Catherine O’Hara wins Canadian Screen Award, talks ‘Schitt’s Creek,’ sexism in comedy

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Catherine O’Hara

Catherine O’Hara earned Sunday night the best comedy actress prize at the Canadian Screen Awards for her consistently uproarious turn as a former soap opera actress struggling to cope when her wealthy family loses all of its riches on the CBC sitcom “Schitt’s Creek.”

“Schitt’s Creek,” which streams on Netflix and airs on the cable network Pop in the United States., also was named best TV comedy. The comedy went into the awards show with 15 nominations, according to The Hollywood Reporter.

“I am so proud to be involved in a show that laughs at the ridiculousness of all that we are without malice or homophobia or racism or ageism,” O’Hara said while accepting her award.

Known for her film roles in “Home Alone,” “Beetlejuice” and in several collabortions with Christopher Guest and her “Schitt’s Creek” co-star Eugene Levy  – including “Waiting for Guffman,” “Best in Show,” “A Mighty Wind” and “For Your Consideration” – O’Hara got her start in the 1970s with The Second City improv comedy troupe on its Toronto stage and later on its Canadian TV sketch comedy spin-off, “SCTV.” O’Hara recently talked to Vulture about the sexism she faced on “SCTV,” which aired between 1976 and 1984.

“At the very beginning I’d whisper my ideas to Dave Thomas and he’d say them out loud, but he wouldn’t say, ‘Catherine said …’ He’d say the idea out loud, and if it didn’t get a laugh I’d stay quiet. That’s what an insecure weasel I was. If it didn’t get a laugh I wouldn’t say anything, but if it got a laugh I’d go, ‘I said that! I told him to say that!’ It was like I had to go through the test kitchen of Dave Thomas!” she told Vulture with a laugh.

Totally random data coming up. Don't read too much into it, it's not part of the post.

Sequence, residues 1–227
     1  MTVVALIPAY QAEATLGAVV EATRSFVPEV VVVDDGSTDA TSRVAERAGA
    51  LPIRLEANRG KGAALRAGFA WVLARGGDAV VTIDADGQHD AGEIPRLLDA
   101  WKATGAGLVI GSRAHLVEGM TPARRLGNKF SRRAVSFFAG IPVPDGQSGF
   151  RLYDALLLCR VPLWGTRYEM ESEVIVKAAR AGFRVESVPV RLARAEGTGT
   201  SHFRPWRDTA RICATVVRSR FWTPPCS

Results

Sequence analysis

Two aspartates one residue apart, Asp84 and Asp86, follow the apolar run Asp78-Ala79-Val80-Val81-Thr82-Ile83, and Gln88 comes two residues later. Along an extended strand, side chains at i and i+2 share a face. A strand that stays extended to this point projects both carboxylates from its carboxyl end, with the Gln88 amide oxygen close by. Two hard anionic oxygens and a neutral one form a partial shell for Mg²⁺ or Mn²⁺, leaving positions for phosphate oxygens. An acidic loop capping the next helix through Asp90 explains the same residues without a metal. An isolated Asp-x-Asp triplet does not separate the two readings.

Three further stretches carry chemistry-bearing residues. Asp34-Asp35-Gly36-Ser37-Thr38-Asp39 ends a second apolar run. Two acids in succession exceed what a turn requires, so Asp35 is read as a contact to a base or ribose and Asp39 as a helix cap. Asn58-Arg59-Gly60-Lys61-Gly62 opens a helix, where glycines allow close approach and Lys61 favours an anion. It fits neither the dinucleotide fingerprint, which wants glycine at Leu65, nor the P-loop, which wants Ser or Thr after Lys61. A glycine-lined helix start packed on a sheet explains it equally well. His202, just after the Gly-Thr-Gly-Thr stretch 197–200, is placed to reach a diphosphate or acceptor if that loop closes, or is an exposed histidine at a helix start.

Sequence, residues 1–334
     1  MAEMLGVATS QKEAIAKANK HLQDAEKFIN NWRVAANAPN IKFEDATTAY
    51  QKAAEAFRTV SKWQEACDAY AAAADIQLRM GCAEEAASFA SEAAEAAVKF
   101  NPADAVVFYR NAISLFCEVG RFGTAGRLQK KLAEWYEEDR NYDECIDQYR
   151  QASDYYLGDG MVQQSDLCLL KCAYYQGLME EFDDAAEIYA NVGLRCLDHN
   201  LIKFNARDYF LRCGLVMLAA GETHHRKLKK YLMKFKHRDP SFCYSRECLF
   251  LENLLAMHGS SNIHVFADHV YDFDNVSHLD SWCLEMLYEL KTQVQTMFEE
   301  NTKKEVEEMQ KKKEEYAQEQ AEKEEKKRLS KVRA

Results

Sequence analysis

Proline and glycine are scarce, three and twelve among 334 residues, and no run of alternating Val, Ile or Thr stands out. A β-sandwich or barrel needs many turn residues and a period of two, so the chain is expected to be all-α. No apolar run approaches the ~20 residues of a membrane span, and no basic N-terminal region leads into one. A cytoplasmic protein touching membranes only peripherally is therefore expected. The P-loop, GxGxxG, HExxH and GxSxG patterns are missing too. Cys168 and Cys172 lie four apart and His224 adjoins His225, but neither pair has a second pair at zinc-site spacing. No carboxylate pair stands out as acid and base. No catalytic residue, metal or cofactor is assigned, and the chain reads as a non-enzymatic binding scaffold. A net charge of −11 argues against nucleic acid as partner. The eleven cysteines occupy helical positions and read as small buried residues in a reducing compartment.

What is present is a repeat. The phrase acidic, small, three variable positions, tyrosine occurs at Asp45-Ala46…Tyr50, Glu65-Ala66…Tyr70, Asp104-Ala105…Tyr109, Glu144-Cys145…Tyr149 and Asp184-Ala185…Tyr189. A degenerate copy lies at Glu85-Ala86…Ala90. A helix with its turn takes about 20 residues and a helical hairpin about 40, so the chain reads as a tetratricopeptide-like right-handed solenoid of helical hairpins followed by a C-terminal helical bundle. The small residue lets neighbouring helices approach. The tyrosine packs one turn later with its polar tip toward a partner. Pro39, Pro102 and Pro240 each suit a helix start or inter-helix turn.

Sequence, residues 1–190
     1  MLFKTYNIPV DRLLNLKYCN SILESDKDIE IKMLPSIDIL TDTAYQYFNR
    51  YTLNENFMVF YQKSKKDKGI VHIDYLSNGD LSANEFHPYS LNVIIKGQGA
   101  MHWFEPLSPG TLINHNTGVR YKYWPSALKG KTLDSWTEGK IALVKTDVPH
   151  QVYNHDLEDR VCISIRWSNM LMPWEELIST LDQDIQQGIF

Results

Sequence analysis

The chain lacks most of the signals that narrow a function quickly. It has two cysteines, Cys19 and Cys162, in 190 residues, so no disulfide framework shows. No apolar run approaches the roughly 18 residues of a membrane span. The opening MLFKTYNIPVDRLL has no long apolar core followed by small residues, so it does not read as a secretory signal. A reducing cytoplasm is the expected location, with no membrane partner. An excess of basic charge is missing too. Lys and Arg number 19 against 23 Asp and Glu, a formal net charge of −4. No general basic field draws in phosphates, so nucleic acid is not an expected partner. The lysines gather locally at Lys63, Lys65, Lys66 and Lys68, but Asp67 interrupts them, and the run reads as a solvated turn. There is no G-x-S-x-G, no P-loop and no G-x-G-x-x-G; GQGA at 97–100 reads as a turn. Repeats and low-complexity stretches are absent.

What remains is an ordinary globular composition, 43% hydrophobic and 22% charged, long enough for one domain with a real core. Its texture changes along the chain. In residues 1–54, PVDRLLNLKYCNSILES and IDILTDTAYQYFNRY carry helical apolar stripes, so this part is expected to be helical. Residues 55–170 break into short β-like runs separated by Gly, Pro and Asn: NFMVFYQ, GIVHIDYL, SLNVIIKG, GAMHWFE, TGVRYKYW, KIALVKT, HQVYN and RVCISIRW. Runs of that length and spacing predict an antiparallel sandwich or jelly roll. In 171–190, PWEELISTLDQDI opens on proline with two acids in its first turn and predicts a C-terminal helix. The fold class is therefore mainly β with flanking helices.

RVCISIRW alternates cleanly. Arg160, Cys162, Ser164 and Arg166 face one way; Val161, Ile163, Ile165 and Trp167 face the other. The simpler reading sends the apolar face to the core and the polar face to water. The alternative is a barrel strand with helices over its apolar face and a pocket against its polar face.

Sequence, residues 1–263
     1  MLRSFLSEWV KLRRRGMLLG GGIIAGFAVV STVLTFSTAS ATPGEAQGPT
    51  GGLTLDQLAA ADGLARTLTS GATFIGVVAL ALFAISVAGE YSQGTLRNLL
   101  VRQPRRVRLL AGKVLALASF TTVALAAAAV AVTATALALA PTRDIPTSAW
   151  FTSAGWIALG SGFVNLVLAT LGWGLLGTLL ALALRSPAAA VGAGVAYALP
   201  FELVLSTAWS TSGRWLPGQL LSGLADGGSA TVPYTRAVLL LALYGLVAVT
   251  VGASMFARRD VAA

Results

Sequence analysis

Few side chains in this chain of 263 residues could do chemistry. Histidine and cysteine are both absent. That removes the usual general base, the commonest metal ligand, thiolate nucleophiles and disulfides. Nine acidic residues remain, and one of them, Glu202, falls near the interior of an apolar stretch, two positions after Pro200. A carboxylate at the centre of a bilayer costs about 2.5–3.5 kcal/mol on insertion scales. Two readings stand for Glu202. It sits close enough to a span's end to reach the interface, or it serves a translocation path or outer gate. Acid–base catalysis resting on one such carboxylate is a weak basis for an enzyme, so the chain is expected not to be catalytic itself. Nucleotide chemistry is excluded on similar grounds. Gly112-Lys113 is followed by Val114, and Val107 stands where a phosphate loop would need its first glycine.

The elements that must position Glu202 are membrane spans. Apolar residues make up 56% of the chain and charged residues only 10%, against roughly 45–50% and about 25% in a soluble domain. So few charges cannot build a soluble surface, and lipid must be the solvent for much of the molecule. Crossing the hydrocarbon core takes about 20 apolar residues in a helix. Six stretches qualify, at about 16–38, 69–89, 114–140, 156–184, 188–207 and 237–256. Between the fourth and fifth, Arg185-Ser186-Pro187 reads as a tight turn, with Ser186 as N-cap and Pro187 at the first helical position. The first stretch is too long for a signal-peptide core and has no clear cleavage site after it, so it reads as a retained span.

“The sexism was still a holdover at that time. That generation of guys had been raised by an older generation, and depending on who raised them, they looked at women a certain way. But because they also did character work and not stand-up, I think they weren’t just working from their own ideas, so they were open-minded. I love those guys, and no one was ever cruel. It was just a case of numbers, and that was a product of the times. There would never be more than two women in a cast of Second City stage.

“Just this last year I asked [The Second City co-owner] Andrew [Alexander], ‘Tell me, have you ever had more women in a cast than men?’ and he said, ‘All the time.’ ‘Oh, thank God; that’s so great! What about anybody besides white people?’ ‘Oh yeah, a lot.’ ‘Anyone besides straight white people?’ ‘Oh yeah, a lot!’ So finally it’s opened up — like the world — but at that time it was two women.”

While she working with The Second City and “SCTV,” O’Hara said there were limits because of her gender on the kinds of characters she could creatively portray.

“We’re drawing on life. We were parodying the world; we could only parody women who were allowed to do things in the world, women who were allowed to achieve certain things and have a public life,” she said. “I think the reason comedy’s changed is because the world has changed. There are more women being allowed to reach for and achieve their potential now than then. It still hasn’t changed enough.”

“Schitt’s Creek” is in the midst of its fifth season. Last month, series co-creator Daniel Levy announced on Twitter that the sixth and final season of the show is slated to air in 2020.


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